Making a mould

I'd appreciate some pointers on how to make a mould.
I had some orthotic shoe inserts made, they're of pretty hard plastic.
I'd like to make a few more pair, as they're very expensive to buy, custom
made.
Could I make a mould myself at home, then pour in plastic, and make them
myself?
I'd appreciate any tips on how to do this, and where to buy the plastic. I
guess Plaster of Parris isn't too hard to find.
Thanks
T
Reply to
Zzaaarathustra
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I'm not aware of any plastic that you could mold at home that would stand up to the abuse shoe inserts need to survive.
If you want mulitple inserts, you are better off spending your time negotiating with your orthotist and shopping around.
Greg (modeler and mechanical engineer)
Reply to
Greg
Actually there are a number of resins that could be used at home to replicate them that have the correct propeties. The drawback is you shouldn't try to DIY any kind of medical device, just generally a bad idea.
Reply to
Ron Smith
What resin would you recommend, and where could I buy such a thing..
Thanks
Reply to
Zzaaarathustra
You can experiment with a 2 piece plaster of paris mold and use pure silicon caulk as the insert. Once the mold is made, you can experiment with various rubber/plastic compounds.
Reply to
willshak
No, but plaster is not an easy mold material to use. If you think those inserts are expensive, wait till you see the prices of RTV mold making materials and the price of urethane casting resin.
Reply to
Don Stauffer
Caulk is soft and flexible, it'd make a poor substitute for the hard plastic of his custom-made orthotic shoe insert. It's also too thick to pour and cures on exposure to air, so it won't work in a 2-sided mold or a deep 1-sided mold.
I have to agree with Greg's & Ron's advice: Do NOT try to duplicate an orthotic shoe insert yourself. Leave it to the orthotic experts, they know what the requirements & tolerances are for that insert, and we don't. You could waste a lot of money on experiments and never get it exactly right.
Reply to
Wayne C. Morris
There used to be a mould kit available for making tin gaming pieces. A mate of mine used to have the stuff for making Dungeons & Dragons characters. It resulted in a cast being of relatively hard rubber that could take molten metal and would move enough to allow the tin or alloy piece to fall out.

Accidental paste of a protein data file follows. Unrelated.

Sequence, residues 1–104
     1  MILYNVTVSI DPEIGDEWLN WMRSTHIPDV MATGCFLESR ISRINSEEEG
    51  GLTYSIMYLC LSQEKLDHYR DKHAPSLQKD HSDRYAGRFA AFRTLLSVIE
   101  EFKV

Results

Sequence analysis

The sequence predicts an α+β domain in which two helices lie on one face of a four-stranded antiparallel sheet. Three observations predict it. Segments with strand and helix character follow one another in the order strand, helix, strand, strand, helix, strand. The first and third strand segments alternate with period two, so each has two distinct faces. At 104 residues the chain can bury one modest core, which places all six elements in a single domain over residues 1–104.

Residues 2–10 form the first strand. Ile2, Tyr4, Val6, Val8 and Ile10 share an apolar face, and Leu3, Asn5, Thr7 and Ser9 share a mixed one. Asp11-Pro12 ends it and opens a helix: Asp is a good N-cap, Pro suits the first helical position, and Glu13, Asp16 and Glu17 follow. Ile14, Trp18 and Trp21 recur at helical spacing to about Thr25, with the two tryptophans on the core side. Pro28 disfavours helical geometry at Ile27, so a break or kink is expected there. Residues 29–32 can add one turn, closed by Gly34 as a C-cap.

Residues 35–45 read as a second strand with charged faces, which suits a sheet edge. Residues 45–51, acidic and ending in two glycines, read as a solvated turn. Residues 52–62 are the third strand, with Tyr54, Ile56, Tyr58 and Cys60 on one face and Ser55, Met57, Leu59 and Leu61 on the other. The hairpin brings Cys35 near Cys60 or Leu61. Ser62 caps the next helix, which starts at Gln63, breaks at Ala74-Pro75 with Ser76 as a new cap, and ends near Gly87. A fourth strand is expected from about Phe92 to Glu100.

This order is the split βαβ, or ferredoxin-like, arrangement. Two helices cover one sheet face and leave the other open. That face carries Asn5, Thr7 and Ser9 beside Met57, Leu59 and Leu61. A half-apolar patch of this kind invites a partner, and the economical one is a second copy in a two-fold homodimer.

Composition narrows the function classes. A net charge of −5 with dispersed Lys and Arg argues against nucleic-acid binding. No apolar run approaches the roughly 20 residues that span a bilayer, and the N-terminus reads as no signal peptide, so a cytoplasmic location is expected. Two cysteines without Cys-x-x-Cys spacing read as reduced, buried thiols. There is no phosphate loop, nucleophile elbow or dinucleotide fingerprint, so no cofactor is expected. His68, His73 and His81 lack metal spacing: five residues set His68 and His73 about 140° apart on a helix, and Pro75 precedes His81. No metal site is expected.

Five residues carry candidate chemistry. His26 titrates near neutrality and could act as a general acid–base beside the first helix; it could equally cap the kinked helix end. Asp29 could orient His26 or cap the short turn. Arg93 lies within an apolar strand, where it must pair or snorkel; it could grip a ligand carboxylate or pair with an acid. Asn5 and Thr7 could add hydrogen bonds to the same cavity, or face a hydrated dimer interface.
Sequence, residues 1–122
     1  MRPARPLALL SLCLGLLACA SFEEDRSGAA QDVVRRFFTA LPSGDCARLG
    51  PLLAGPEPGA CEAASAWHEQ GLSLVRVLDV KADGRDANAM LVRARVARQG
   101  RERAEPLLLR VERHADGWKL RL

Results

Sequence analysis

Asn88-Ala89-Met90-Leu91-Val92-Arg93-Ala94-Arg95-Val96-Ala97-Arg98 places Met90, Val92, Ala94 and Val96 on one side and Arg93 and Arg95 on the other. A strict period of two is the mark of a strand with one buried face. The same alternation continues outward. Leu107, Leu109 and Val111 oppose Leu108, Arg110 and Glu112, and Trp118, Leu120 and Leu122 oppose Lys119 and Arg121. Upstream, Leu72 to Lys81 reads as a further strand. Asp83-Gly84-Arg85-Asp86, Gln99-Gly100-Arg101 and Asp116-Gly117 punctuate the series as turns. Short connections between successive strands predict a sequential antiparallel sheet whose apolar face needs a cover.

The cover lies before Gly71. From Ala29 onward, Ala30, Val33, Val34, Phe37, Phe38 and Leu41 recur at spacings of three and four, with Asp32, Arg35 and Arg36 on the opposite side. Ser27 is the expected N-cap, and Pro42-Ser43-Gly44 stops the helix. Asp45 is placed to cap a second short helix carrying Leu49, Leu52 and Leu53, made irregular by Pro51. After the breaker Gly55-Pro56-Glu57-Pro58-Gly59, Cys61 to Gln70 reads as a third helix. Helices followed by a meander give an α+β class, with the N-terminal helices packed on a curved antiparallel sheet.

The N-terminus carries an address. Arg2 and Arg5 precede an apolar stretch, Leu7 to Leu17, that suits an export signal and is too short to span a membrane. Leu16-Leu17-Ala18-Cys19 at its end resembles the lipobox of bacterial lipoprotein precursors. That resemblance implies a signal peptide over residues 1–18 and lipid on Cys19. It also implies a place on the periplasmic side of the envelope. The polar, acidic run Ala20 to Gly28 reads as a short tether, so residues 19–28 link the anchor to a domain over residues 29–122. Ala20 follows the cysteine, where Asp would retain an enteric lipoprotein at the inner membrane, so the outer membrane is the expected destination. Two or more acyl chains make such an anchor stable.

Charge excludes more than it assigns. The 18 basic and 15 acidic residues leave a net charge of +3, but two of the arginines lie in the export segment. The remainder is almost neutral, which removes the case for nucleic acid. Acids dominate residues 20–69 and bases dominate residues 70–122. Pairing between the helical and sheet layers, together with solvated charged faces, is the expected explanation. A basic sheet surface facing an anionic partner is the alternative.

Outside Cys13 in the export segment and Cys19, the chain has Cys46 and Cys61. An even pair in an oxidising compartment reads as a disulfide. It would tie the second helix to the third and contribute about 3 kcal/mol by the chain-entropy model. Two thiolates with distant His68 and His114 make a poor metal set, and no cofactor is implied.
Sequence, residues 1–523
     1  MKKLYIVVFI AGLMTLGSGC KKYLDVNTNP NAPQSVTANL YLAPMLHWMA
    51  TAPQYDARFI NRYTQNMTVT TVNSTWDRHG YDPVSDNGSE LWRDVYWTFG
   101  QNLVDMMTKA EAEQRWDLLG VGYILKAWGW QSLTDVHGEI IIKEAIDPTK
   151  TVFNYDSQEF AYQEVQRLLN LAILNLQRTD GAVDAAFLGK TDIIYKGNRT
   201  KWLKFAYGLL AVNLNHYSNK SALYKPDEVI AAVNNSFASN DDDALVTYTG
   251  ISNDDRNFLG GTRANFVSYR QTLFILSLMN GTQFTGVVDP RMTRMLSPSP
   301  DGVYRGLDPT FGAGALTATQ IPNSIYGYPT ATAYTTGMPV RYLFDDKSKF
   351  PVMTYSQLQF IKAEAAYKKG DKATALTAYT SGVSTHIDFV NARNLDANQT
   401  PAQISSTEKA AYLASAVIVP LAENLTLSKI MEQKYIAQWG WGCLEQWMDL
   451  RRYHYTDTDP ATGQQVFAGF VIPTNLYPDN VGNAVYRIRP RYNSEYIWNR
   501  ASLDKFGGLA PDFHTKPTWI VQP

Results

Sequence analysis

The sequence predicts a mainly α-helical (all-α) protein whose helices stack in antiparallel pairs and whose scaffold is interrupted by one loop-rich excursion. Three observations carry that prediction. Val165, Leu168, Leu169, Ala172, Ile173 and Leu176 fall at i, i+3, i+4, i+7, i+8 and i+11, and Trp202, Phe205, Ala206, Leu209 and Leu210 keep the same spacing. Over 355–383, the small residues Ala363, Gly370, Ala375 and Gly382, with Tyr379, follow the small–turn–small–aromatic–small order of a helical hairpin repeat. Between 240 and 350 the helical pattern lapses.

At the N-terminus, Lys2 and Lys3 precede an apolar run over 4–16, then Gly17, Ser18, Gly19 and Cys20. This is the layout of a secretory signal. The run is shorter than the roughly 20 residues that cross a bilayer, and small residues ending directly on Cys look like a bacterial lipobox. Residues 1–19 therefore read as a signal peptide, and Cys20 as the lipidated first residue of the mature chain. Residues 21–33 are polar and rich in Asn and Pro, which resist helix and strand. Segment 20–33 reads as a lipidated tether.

I've just done a search and found this;
Richard.
Reply to
Richard Brooks
Go for it, you paid for the deisng and fit with the original insert. Refer to details available at
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Mold, Cast & Vacuum Form items yourself FAQ inc pictorials (see also Fibreglass etc section)
Fibreglass Techniques & Information Model Car Tech Molding & Casting Mold Making Plastex = Plastic Repair or make copies of parts - Kits Plastic Bonding Vacuum Form Vacuum Former - make you own and usuage. Vacuum Former - email Alan for home made & DIY canopy etc. Vacuum form - Pictorial instructions _ click thumbnails for full text. Woodland Scenics - make latex molds, cast plaster etc regards Alan T. Alan's Hobby, Model & RC Web Links
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Reply to
A.T.
Guys, guys - you're missing the point!
There is more to an orthopedic device than shape. This guy doesn't want to make a MODEL of an orthotic insert. It's got to FUNCTION as well. We can assume that he has already tried over-the-counter shoe inserts, so he must have some serious problems.
To work properly orthotics need to have the same stiffness, elasticity and durability. His feet are screwed up NOW. He doesn't need to experiment walking around on a bunch of crude copies that are like boards, or mush, or rocks, and which fall apart in a few days or weeks.
If orthodics could be made cheaper materials, they would be. That's how the marketplace works. If "Zzaaarathustra" thinks he's being ripped off, he should shop around and negotiate - not start a second career and subject his feet to further torture. In the long run it would be a frustrating, painful waste of time.
I've got enough stuff on my workbench to mold copies of my teeth. But I don't think for one minute that I should make my own crowns.
Greg
Reply to
Greg
Thash eashy for you tchoo shay! Sorry, one fell out.
Richard.
Reply to
Richard Brooks
If anyone knows what resin to use, to make a simple plastic insert, that is made of inflexible, hard plastic, then please let me know.
Thanks
Reply to
Zzaaarathustra
Strangely enough I've just sent an email to a mate of mine who used to use all sorts of stuff for film work. I should have red your post first.
I'll ask him as he lent me a book on the subject!
Surely you mean very slightly flexible otherwise it might snap ?
Richard.
Reply to
Richard Brooks
I'd appreciate the info, they seem hard to me, but perhaps a little flexible.
Cheers
Reply to
Zzaaarathustra

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